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Zinc acetate lozenges for treating the common cold: an individual patient data meta-analysis.
Br J Clin Pharmacol 2016; 82(5):1393-1398BJ

Abstract

AIMS

The aim of this study was to determine whether the allergy status and other characteristics of common cold patients modify the effects of zinc acetate lozenges.

METHODS

We had available individual patient data for three randomized placebo-controlled trials in which zinc acetate lozenges were administered to common cold patients. We used both one stage and two stage meta-analysis to estimate the effects of zinc lozenges.

RESULTS

The total number of common cold patients was 199, the majority being females. Eighty percent of them fell into the age range 20-50 years. One third of the patients had allergies. The one stage meta-analysis gave an overall estimate of 2.73 days (95% CI 1.8, 3.3 days) shorter colds by zinc acetate lozenge usage. The two stage meta-analysis gave an estimate of 2.94 days (95% CI 2.1, 3.8 days) reduction in common cold duration. These estimates are to be compared with the 7 day average duration of colds in the three trials. The effect of zinc lozenges was not modified by allergy status, smoking, baseline severity of the common cold, age, gender or ethnic group.

CONCLUSION

Since the effects of zinc acetate lozenges were consistent between the compared subgroups, the overall estimates for effect seemed applicable over a wide range of common cold patients. While the optimal composition of zinc lozenges and the best frequency of their administration should be further investigated, given the current evidence of efficacy, common cold patients may be encouraged to try zinc lozenges for treating their colds.

Authors+Show Affiliations

Department of Public Health, University of Helsinki, Helsinki, Finland. harri.hemila@helsinki.fi.Applied Medical Research, Austin, Texas.Department of Learning Health Sciences, University of Michigan Medical School, Ann Arbor, Michigan.Department of Oncology, Wayne State University School of Medicine, Detroit, Michigan, USA.

Pub Type(s)

Journal Article
Meta-Analysis

Language

eng

PubMed ID

27378206

Citation

Hemilä, Harri, et al. "Zinc Acetate Lozenges for Treating the Common Cold: an Individual Patient Data Meta-analysis." British Journal of Clinical Pharmacology, vol. 82, no. 5, 2016, pp. 1393-1398.
Hemilä H, Petrus EJ, Fitzgerald JT, et al. Zinc acetate lozenges for treating the common cold: an individual patient data meta-analysis. Br J Clin Pharmacol. 2016;82(5):1393-1398.
Hemilä, H., Petrus, E. J., Fitzgerald, J. T., & Prasad, A. (2016). Zinc acetate lozenges for treating the common cold: an individual patient data meta-analysis. British Journal of Clinical Pharmacology, 82(5), pp. 1393-1398. doi:10.1111/bcp.13057.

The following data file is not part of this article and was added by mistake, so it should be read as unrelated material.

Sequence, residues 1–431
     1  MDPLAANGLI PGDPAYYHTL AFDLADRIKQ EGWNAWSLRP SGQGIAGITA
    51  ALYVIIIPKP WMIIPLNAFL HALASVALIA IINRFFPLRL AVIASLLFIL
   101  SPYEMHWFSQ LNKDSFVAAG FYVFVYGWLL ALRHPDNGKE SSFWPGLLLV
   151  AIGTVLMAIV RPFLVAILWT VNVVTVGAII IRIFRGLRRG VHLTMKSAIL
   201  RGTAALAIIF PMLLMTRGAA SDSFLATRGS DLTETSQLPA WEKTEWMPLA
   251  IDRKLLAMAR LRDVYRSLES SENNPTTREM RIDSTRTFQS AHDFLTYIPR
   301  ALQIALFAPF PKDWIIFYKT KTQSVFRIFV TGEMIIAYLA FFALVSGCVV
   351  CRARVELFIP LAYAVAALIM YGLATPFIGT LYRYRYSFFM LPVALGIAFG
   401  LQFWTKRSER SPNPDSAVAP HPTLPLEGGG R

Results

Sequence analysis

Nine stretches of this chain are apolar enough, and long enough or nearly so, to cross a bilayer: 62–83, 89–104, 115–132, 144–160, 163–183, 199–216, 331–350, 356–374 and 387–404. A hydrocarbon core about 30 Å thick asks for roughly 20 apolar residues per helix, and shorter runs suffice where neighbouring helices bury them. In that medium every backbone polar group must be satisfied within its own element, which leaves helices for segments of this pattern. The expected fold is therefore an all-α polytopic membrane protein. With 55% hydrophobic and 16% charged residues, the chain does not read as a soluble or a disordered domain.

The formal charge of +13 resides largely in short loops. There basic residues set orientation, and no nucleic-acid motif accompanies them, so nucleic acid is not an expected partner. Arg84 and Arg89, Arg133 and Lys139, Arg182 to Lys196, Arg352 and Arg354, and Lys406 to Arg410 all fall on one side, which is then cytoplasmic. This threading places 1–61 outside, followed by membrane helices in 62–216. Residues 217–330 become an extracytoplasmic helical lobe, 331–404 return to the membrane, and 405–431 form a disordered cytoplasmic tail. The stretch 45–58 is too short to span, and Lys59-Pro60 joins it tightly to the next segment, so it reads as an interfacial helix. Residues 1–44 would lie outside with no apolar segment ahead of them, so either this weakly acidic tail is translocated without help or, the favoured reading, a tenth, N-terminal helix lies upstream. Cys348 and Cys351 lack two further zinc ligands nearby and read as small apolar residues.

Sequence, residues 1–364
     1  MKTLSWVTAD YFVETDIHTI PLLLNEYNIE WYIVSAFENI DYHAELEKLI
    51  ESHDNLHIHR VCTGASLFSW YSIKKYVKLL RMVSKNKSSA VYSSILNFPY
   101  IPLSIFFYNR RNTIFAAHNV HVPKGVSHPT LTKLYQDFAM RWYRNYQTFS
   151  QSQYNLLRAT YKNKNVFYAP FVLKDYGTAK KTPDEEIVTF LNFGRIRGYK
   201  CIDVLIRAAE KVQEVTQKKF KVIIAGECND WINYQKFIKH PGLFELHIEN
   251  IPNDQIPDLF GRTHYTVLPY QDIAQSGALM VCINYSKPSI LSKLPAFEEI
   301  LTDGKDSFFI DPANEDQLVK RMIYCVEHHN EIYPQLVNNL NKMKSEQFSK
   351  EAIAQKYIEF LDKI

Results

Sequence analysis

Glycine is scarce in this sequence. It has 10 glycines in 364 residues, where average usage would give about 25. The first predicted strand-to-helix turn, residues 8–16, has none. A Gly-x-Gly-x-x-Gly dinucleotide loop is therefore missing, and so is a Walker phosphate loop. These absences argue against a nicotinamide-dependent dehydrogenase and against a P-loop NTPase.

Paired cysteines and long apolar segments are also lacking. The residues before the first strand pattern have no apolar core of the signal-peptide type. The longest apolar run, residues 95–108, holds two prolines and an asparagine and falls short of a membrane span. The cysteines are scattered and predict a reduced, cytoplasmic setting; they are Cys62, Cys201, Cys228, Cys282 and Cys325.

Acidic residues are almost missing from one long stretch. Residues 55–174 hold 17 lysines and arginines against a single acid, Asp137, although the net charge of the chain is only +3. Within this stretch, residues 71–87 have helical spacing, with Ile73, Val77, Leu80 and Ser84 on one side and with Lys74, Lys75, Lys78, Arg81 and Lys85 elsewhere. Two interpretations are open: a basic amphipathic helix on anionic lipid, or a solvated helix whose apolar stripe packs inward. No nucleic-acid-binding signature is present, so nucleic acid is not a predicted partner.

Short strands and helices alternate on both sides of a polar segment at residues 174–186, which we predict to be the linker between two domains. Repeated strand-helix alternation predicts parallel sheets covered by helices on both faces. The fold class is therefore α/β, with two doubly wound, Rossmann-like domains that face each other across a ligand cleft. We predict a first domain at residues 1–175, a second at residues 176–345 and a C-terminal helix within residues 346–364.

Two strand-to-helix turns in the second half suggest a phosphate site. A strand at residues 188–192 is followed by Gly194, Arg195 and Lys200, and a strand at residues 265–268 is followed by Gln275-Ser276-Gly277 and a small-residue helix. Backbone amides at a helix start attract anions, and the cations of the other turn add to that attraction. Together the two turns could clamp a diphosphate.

Hemilä H, et al. Zinc Acetate Lozenges for Treating the Common Cold: an Individual Patient Data Meta-analysis. Br J Clin Pharmacol. 2016;82(5):1393-1398. PubMed PMID: 27378206.
* Article titles in AMA citation format should be in sentence-case
TY - JOUR T1 - Zinc acetate lozenges for treating the common cold: an individual patient data meta-analysis. AU - Hemilä,Harri, AU - Petrus,Edward J, AU - Fitzgerald,James T, AU - Prasad,Ananda, Y1 - 2016/07/28/ PY - 2016/05/13/received PY - 2016/06/17/revised PY - 2016/06/18/accepted PY - 2016/7/6/pubmed PY - 2017/12/30/medline PY - 2016/7/6/entrez KW - common cold KW - meta-analysis KW - randomized controlled trials KW - respiratory tract infections KW - zinc acetate SP - 1393 EP - 1398 JF - British journal of clinical pharmacology JO - Br J Clin Pharmacol VL - 82 IS - 5 N2 - AIMS: The aim of this study was to determine whether the allergy status and other characteristics of common cold patients modify the effects of zinc acetate lozenges. METHODS: We had available individual patient data for three randomized placebo-controlled trials in which zinc acetate lozenges were administered to common cold patients. We used both one stage and two stage meta-analysis to estimate the effects of zinc lozenges. RESULTS: The total number of common cold patients was 199, the majority being females. Eighty percent of them fell into the age range 20-50 years. One third of the patients had allergies. The one stage meta-analysis gave an overall estimate of 2.73 days (95% CI 1.8, 3.3 days) shorter colds by zinc acetate lozenge usage. The two stage meta-analysis gave an estimate of 2.94 days (95% CI 2.1, 3.8 days) reduction in common cold duration. These estimates are to be compared with the 7 day average duration of colds in the three trials. The effect of zinc lozenges was not modified by allergy status, smoking, baseline severity of the common cold, age, gender or ethnic group. CONCLUSION: Since the effects of zinc acetate lozenges were consistent between the compared subgroups, the overall estimates for effect seemed applicable over a wide range of common cold patients. While the optimal composition of zinc lozenges and the best frequency of their administration should be further investigated, given the current evidence of efficacy, common cold patients may be encouraged to try zinc lozenges for treating their colds. SN - 1365-2125 UR - https://www.unboundmedicine.com/medline/citation/27378206/full_citation L2 - https://doi.org/10.1111/bcp.13057 DB - PRIME DP - Unbound Medicine ER -